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A muted market response
First of all, we confess we are in the middle of the wet spot in Iowa. We know many people who have planting issues. We have been talking to clients on a regular basis to help them figure out their options.
Having said that, the corn market’s response to the wetness has been fairly muted. The rally was from $5.30 to $5.70 in the December futures contract. Right now, prices are in the middle of that range. Not too many traders care!
How come? The May USDA report had a crop size of over 14 billion bushels, with use at almost 13 billion. Carryout was estimated at 2 billion bushels. Keeping this simple, take 3 million acres off harvested acres. With a yield around 150, the crop is 13 billion bushels and with a yield of 158, the crop is 13.7 billion bushels. Now, cut back demand (as many are doing) to 12.5 billion bushels. Carryout becomes 1.2 to 1.9 billion bushels. In the corn market’s mind, that’s plenty!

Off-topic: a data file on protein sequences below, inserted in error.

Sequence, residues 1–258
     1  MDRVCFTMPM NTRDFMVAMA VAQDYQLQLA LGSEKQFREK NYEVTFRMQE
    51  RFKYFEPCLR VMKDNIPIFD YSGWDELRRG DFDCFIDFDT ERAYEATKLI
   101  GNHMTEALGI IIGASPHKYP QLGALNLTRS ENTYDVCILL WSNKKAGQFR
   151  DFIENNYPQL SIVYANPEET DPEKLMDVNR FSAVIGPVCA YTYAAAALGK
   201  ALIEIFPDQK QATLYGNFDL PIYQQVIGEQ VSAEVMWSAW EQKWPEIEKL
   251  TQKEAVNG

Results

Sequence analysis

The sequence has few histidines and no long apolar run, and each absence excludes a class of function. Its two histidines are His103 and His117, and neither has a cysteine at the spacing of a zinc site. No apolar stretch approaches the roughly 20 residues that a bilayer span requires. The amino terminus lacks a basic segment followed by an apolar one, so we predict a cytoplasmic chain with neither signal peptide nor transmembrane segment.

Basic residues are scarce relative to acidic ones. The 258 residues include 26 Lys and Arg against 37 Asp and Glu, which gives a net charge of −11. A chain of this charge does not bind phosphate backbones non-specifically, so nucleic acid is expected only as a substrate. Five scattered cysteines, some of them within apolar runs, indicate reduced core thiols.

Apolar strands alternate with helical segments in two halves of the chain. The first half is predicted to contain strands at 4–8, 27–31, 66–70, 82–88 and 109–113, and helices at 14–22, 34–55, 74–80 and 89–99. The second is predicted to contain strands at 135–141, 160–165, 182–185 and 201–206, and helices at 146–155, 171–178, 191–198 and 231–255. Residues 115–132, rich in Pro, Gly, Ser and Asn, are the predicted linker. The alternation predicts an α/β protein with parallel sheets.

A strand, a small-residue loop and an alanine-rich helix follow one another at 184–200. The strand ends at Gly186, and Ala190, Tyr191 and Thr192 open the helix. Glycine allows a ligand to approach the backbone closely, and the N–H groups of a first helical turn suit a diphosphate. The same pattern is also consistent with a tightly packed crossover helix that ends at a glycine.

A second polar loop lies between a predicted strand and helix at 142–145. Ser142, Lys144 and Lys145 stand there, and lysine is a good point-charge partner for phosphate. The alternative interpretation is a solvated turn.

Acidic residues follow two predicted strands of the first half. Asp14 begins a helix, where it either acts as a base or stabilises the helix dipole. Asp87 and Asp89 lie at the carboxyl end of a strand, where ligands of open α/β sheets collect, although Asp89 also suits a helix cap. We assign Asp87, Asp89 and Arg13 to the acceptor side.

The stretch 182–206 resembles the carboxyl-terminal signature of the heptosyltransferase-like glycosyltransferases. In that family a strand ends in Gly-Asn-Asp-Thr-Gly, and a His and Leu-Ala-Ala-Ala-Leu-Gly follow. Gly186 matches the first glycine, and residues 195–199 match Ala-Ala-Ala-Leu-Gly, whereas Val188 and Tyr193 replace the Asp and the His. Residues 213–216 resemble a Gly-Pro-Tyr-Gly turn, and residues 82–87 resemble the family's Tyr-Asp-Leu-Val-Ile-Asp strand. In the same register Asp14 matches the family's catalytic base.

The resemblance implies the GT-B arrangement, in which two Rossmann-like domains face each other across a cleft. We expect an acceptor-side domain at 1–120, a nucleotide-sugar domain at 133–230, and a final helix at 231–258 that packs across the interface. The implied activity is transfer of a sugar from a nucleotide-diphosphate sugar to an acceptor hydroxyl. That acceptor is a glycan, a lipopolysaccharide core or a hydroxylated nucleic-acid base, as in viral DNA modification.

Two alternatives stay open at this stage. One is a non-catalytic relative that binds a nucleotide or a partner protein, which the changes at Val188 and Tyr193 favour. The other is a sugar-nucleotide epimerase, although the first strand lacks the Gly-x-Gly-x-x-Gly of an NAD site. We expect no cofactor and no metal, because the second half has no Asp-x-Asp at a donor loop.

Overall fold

Next Wednesday, the USDA will issue updated supply/demand tables. With no surveys to assist them, they only have the option of lowering yields to reflect the perception that the crop size is getting smaller. Regarding demand, they certainly can lower feed/residual use. Plus the corn export picture continues to disappoint, and there are several exporting countries with cheaper corn available (or new crop wheat). Although no one is talking about estimates yet, this planting season has put more importance on the June 28th reports -- both grain stocks and acreage.
The risk of loss in trading commodities can be substantial. You should therefore carefully consider whether such trading is suitable for you in light of your financial situation.